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I'm trying to set up a database for a water department's online system, keeping track of all past usage for each account/meter.
The database receives a csv file containing all of the day's readouts. The csv's that I receive have the following data:

  • Account number (may have multiple meters/addresses on one account)
  • Address
  • Meter ID (may have multiple ports for appartment complexes, commercial buildings, etc.)
  • Port number
  • Reading (numeric)
  • Reading Date (string)
  • Meter Serial Number (relates to meter id)
  • Installation date (relates to meter id)

I was starting to think of the DB setup, and this is as far as I got:

  • Meter information
    • Meter ID (primary key)
    • Meter Serial
    • Installation Date
    • Address
    • number of ports
  • Meter Usage (titled my meter ID)
    • Reading Date
    • Reading

I was thinking of each meter having its own table, which is named the meter id, which would make accessing the past data for one meter easy, but brings in the problem of separating by ports.

in the following, how would I differentiate between meter# 000003's ports?
one idea was to append the port# to the end of the meter ID#
i.e. having 0000031 and 0000032

So my main problems are, dealing with a meter possibly having multiple ports and an account possibly having multiple meters, which may have multiple ports.

This will be the first non-pseudo-database that I have set up, so any help from you guys will be greatly appreciated.

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Do the Reading Date and Reading value relate to the port. For example for meter 0003 would it have Reading Dates for both Ports 1 and 2? If not what is the importance of ports and what do they do ? – Roger Aug 9 '12 at 3:41
    
Meter 3 port 1 can have a different value in both fields than meter 3 port 2, so yes, they are dependent on the port. The ports will diferentiate between different apartments, where one apt complex has one meter, but many units, for example. (not sure why they set it up like that, but it's what I have to deal with) – Jared Aug 9 '12 at 3:54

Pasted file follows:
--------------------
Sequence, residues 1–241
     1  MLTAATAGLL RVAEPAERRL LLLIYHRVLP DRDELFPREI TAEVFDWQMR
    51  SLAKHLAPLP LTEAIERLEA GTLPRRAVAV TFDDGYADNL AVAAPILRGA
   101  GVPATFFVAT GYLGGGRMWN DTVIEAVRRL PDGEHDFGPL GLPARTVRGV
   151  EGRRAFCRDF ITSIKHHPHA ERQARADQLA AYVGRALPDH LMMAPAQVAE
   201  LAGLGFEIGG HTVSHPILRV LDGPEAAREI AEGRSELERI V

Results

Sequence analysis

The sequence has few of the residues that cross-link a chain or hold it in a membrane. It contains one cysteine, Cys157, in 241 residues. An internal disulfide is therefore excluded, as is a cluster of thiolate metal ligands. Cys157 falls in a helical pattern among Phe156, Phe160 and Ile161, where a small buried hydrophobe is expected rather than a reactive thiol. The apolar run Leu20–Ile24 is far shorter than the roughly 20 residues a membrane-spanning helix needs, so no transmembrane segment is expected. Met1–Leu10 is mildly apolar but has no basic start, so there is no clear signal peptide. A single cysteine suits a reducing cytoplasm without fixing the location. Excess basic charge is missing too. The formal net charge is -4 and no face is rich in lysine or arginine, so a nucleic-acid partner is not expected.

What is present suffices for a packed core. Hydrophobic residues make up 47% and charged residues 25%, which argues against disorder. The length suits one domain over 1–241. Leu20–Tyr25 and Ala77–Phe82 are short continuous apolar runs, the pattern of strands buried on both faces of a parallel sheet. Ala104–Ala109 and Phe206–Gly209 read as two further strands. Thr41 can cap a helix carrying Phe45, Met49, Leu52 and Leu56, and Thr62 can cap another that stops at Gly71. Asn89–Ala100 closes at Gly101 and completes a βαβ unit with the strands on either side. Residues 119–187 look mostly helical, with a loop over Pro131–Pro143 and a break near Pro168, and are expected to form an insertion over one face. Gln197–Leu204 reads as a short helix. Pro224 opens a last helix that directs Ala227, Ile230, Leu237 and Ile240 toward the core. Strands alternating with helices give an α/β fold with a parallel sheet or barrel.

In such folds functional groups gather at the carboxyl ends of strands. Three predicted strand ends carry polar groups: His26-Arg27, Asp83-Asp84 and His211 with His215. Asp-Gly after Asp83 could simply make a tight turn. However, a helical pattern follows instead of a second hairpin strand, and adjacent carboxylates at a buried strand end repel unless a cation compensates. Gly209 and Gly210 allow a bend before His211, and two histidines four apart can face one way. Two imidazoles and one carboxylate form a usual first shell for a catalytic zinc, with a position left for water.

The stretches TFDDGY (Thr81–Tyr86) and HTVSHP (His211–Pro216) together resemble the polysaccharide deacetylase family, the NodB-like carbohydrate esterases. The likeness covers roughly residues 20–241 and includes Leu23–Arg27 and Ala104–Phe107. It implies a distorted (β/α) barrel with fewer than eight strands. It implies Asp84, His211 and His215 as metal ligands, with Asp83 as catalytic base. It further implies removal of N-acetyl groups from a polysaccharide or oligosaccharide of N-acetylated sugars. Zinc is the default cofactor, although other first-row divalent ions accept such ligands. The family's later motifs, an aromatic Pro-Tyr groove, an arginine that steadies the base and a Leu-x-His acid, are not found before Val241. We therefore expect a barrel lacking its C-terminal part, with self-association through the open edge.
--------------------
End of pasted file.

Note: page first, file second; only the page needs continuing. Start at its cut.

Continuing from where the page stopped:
Also, one meter can point to many accounts via its ports. – Jared Aug 9 '12 at 3:58

Going ahead with @Roger's thought process you many not need the port number if they can't be split to separate account#'s But You should have An account table With Account Number being a PK and liking to your meter table, maybe an address table, although that could get complicated if your planning on using an address table for your meter table to point to. Also if I am correct your Meter Serial numbers should be unique so you could use that for your primary key instead of creating an auto incrementing PK Also you wouldn't necessarily need a new table for every meter usage, you could simply have a MeterUsageTable With an Auto inc PK called UsageID, MeterID with the meters ID the reading date and reading and simple query's will be able to give you all your history. Although if your going to be entering a companies complete usage history it will add up to a huge amount of data. EDIT: I think you want your database to look something like this you can tweek what you need and don't need but here's the relationships i think you need in order to go from AccountNumber to usages Possible Solution

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So AccountNumbers will need to be linked to particular MeterID(s) and port(s)? – Jamie Babineau Aug 9 '12 at 4:03
    
I'm pretty sure. It comes down to - with the apartment complex, will the landlord pay the water bill, or will the tenants be billed directly. – Jared Aug 9 '12 at 4:08
    
The reason I'm thinking of seperate tables is that the main implementation of this DB is so that a user can look up their past usage, and I'm assuming that having to pick from millions of entries is a bit worse than scanning through 40k table names and grabbing all values from that table. – Jared Aug 9 '12 at 4:09
    
But going forward with Rogers Idea if Customer A Moves out of the area coverage Customer B is going to move in and take over Customer A's Meter/Port(s). You will need a way to track when the change happened. Also how will users be looking up the tables? You could have them call a stored proc with Account Number and hand them back the usage assuming there is some hook to the user. But if I have to look through 100 tables for my usage I'd get annoyed – Jamie Babineau Aug 9 '12 at 4:10
    
Thats why I want the account numbers to somehow point to the meter/port. That was an issue that my boss (brother) brought up to me. All that will need to change is the acct info table (setting a date to ignore prior readings). – Jared Aug 9 '12 at 4:14

Based on the comment I would then suggest the following:

accounts

meter

id account_id serial_number installation_date address

meter_ports

meter_id

readings

meter_port_id reading_date reading

As far as address goes I am not sure if you will support multiple cities, states, zip codes. If you will, you might consider normalizing that as well to give you the ability to group on certain zip codes, cities etc.

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